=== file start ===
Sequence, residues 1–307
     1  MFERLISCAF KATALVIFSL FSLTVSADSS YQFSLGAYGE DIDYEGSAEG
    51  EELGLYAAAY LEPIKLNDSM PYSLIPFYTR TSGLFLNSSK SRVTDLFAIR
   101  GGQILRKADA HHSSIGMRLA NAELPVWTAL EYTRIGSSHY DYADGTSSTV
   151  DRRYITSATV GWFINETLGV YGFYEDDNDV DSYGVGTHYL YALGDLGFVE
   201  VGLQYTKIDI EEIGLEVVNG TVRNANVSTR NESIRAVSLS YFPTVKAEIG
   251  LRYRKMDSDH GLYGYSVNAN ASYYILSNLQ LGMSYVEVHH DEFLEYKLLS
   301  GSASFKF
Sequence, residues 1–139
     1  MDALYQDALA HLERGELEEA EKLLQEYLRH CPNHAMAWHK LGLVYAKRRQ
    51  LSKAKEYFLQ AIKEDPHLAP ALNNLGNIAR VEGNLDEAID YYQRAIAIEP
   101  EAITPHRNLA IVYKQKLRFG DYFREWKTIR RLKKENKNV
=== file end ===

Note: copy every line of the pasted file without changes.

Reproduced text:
Sequence, residues 1–307
     1  MFERLISCAF KATALVIFSL FSLTVSADSS YQFSLGAYGE DIDYEGSAEG
    51  EELGLYAAAY LEPIKLNDSM PYSLIPFYTR TSGLFLNSSK SRVTDLFAIR
   101  GGQILRKADA HHSSIGMRLA NAELPVWTAL EYTRIGSSHY DYADGTSSTV
   151  DRRYITSATV GWFINETLGV YGFYEDDNDV DSYGVGTHYL YALGDLGFVE
   201  VGLQYTKIDI EEIGLEVVNG TVRNANVSTR NESIRAVSLS YFPTVKAEIG
   251  LRYRKMDSDH GLYGYSVNAN ASYYILSNLQ LGMSYVEVHH DEFLEYKLLS
   301  GSASFKF
Sequence, residues 1–139
     1  MDALYQDALA HLERGELEEA EKLLQEYLRH CPNHAMAWHK LGLVYAKRRQ
    51  LSKAKEYFLQ AIKEDPHLAP ALNNLGNIAR VEGNLDEAID YYQRAIAIEP
   101  EAITPHRNLA IVYKQKLRFG DYFREWKTIR RLKKENKNV